The Moving Houses

A Replica of the Zouave Shelter


Houses That Had the Move

As you walk through the village, you will notice here and there houses that bear the inscription Maison Nomade (Nomadic House).

This is an important and impressive part of the history of Piopolis. With the relocation of the church, in 1907, several families arrived from around taking their house with them.

It is by various means that these houses have been moved, often in their entirety, to the location they occupy today to form the charming village of Piopolis.

A few words about houses with an amazing course.

516 Principal Street

This house built around 1900 in the Rang de la Papine was moved near the quay in 1924. Once in the village, it was enlarged and covered with stones.

The 516 in the Middle of Moving

It then belonged to Olivier Grenier, who moved it with his own trucks. He owned 8 trucks with which he did various jobs such as opening paths, removing rocks in the fields and, of course, moving houses.

471 Principal Street

This house originally built on the Papine route, near the Bergeron River, has undergone a spectacular move.

It was pulled on "sleighs" passing by the construction roads that ran along the Bergeron River. The house went out on the way to the Bergeron River and then went to the village of Piopolis, where it is now.

105 Vieille-Forge Street

It was moved when it belonged to Godefroy Grenier, who had a farm and a forge that he operated on his land, hence the name of this street (Old Forge). To get closer to the lake and the village, he lowered his house from the top of the hill to its current location. He built a new section and he covered it with stones by himself.

362 Principal Street

Of this beautiful green house originally existed only the left part. It was then located in front of the church. The building was a stable built for those who wanted to uncouple their horses to attend Sunday Mass.

The stable was bought by Hector Turcotte, the only barber for men in Piopolis, who moved it about 500 meters from where it was, to make it his home. The current owners totaly transformed the house and added the new section to it.

402 Principal Street

This stone house probably holds the record for moves. Built in 1898 at the end of the Rang des Grenier, it was moved to the village, near the marina, passing over the frozen lake. The house stayed there for several years.

Sold to new owners, it went more than 4 kilometers away, on the way to Bury!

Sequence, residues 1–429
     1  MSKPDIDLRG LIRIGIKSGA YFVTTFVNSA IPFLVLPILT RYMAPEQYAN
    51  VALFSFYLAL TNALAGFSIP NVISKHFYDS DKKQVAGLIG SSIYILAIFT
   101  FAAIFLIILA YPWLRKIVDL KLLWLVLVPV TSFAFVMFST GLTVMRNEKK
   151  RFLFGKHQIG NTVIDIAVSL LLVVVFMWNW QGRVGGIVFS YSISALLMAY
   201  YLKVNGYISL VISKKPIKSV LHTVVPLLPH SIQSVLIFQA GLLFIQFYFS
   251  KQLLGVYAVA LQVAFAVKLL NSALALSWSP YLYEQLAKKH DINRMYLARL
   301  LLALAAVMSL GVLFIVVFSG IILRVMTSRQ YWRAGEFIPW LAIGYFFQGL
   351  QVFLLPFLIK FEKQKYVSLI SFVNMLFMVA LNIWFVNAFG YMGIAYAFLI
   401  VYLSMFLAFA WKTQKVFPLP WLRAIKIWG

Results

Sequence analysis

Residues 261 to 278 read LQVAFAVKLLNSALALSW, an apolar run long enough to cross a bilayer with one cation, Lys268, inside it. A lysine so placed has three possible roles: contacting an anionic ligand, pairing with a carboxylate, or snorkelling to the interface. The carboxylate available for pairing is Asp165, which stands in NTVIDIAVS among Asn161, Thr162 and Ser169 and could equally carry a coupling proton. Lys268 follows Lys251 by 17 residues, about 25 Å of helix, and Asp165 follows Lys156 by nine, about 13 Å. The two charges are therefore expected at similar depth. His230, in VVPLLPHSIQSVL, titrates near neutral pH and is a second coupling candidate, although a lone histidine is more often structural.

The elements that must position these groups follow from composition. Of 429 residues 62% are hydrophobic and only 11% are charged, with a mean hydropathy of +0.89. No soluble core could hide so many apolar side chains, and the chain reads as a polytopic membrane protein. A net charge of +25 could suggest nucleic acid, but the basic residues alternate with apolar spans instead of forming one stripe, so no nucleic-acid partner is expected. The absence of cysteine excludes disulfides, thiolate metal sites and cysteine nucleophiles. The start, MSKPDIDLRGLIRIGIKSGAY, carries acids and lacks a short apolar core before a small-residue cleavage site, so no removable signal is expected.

In 1943, it experienced its last move which brought it back to the village, to its current location. Fortunately, it was only at that time that it got covered with stones!

458 Principal Street

This house comes from the way to Bury. It had been deconstructed piece by piece and carefully rebuilt at its current location.

In this house was held a general store, it was called "Chez Maria" (At Maria’s).
 

An Impressive Move

In 1858, this three floors family home in Piopolis was purchased to be converted into a hotel... in Saint-Ludger. It travelled 40 miles with the help of 3 trucks from Olivier Grenier. It overcame great difficulties on the winding and mountainous dirt road, but it arrived safe and sound after... 90 days of travelling!

Text Version

You are in front of a small log camp in the back of the Parc du Marais. To be fair, this ancestral-looking building is a faithful replica of the authentic cabin that hosted the Zouaves when they arrived in Piopolis.

It was an old lumber camp, probably built by the Scots and then abandoned. It was chosen to shelter the new colonizers upon their arrival in this still virgin region.

The replica of the Zouaves hut was built in 1971 during the centenary of Piopolis and it has been moved several times. This makes it the first nomadic house in Piopolis. It now serves as a place of interpretation, settled as it could have been at that time.

If we have brought you here, it is precisely to introduce you to a whole section of the history of Piopolis: the nomadic houses. As you walk through the village, you can count 24 of them: they carry a sign: nomadic house.

Just like the Zouaves hut, the first nomadic house on our circuit, real houses have been moved to reach their current location in the village. It was no small task, with the means of the time!

It was around 1907 that this adventure of nomadic houses began, with the construction of the new church where it is now. The old church was in the old village, 4 km away. You will learn more about the reasons for the move in the section on the church.

The nomadic houses are therefore the work of families who wanted to follow the village, or sometimes others who simply wanted a change of scenery.

In this section, we present you some houses with an amazing history. You will find more information on each of the houses in the village by consulting the impressive work of Annonciade Grenier, the nomadic houses book available at the Zouaves halt.



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Excerpt of
History of Piopolis | In the Footsteps of the Pioneers

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